According to the American Psychiatric Association, ADD is now officially called Attention-Deficit/Hyperactivity Disorder, or AD/HD, although most lay people and even some professionals still call it ADD or A.D.D. (the names given in 1980). ADD is a condition that is characterized by a short attention span whose victims suffer from easy distractability. Excessive activity or hyperactivity is also a sign of ADD as is impulsivity (acting without thinking). If diagnosed early, children and their parents can prepare for the kind of life that follows.
There is something going on now that is testing the attention span of all Americans, but before I get to that, let me ask you to think back to a earlier time and to an earlier experience that tested your ability to stay focused and calm. It must be a complex, demanding and drawn-out one that made you take a deep breath, collect your thoughts and your patience and tell yourself, "I can do this." It could be from your youth or later, from school or home or work. It could be a solitary or group experience. Then, try to remember when you gave up trying and why.
We are all tested throughout life, sometimes by ourselves, sometimes by others and sometimes by circumstances. How we respond depends on our individual personality, our character, our upbringing, our value system and sometimes by disorders that are no fault of our own like ADD. Unfortunately, there is no blood test or urinalysis to tell whether a child has ADD, but there are about 14 different symptoms that parents can look for. It goes without saying that most of us have fidgeted about in school and had difficulty concentrating, but we grow out of it if we're lucky.
Life has a way of reminding us of those earlier times, especially if we're politically engaged. Let's take two separate but maybe related scandals that have dominated the airwaves this past year: the FBI probe into the Trump for President campaign (for possible collusion with the Russians) and the FBI and Congressional investigation into Hillary Clinton's alleged contravention of national security regulations with respect to her emails and private server.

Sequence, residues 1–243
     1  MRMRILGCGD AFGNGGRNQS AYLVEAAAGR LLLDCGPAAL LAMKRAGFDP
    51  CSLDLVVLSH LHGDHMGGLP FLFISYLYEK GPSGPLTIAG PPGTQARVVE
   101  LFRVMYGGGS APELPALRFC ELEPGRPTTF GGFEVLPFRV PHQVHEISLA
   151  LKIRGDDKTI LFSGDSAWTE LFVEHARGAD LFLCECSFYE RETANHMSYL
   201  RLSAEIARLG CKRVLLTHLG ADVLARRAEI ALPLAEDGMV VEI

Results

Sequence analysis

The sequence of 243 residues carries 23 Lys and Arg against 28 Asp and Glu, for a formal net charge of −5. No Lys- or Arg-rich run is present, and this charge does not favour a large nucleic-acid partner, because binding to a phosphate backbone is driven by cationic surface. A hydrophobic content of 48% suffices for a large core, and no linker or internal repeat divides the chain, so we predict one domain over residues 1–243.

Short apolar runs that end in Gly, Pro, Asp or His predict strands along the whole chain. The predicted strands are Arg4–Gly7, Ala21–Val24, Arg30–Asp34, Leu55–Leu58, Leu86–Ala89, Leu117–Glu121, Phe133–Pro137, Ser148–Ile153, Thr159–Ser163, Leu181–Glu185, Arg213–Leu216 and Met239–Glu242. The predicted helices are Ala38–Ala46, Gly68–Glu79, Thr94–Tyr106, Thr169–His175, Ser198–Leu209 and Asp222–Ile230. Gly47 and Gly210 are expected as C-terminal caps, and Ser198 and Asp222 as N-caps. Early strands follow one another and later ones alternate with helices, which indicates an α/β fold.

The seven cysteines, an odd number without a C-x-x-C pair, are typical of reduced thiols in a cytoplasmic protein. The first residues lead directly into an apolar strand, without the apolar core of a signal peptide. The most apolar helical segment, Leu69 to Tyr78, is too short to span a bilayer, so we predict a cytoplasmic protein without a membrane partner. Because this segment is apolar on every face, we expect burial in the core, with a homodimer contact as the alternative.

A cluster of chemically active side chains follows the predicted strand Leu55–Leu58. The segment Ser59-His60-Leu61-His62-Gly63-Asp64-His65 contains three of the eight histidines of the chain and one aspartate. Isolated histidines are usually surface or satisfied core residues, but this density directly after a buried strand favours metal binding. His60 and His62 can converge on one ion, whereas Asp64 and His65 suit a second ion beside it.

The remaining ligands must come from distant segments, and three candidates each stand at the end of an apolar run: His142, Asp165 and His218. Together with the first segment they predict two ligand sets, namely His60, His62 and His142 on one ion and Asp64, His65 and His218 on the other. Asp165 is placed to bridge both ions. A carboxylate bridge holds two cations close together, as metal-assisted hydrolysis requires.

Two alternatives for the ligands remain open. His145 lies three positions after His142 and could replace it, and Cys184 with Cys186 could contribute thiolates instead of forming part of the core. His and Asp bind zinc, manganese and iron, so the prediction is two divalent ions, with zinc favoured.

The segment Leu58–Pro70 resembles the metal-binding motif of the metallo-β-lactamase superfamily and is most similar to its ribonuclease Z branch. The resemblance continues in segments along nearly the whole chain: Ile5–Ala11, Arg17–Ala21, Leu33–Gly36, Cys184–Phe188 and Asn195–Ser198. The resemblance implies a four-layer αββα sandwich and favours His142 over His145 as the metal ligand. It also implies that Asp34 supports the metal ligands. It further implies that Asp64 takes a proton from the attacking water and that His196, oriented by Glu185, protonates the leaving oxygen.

Those two investigations are enough to turn even the strongest most focused and patient among us into candidates for a padded room in the funny farm. After watching hundreds of hours of Congressional hearings, interviews, press conferences and pundit pontificating, America is up to its eyeballs in conflicting opinions, widely differing descriptions of encounters and motive speculation. This is not a dime novel; it's more like "The Blah Story" the world's longest book (over 3 million words on over 7,300 pages, published in 2007). No Hollywood writers' club could have given us characters like Mr. Trump's inner circle, Hillary Clinton's coterie, the FBI's 'secret society' of anti-Trumpers, the Congressional committee warlocks and the keepers of the justice flame, the DOJ's top leadership.
Can you connect the dots, follow the diverging and converging timelines, sort through the motivations from all the competing interests and separate the ideologues from the objective truth sleuthers? If you can, you, my friend have the patience of Job and the wisdom of Solomon...or you have too much time on your hands. The DC scandals involving all of the above-mentioned groups, have now taken on lives of their own and have become 'too big to fail.' They MUST produce something, anything, within the next ten months before the mid-term elections to be valuable to either political party. It is the DC way.
I have a feeling that the Congressional and Senate committees, the FBI and Special Counsel Mueller - may end up staging their final act of the 'play to end all plays' to an empty theatre because most of us will have headed to the exits long ago due to a chronic case of information overload. We've had enough and have already decided on the guilt or innocence of the President, his family and staff, Hillary Clinton and her Swiss Guard, the FBI's 'Keystone cops' Comey, Strzok and Paige, DOJ bigwigs Lynch, Rosenstein and of course all the 'deep state' leakers who shall remain nameless...for now.
Stephan Helgesen is a retired U.S. diplomat and now political analyst and author. He has written eight books and over 750 articles on politics, economics and social trends. He can be reached at: firstname.lastname@example.org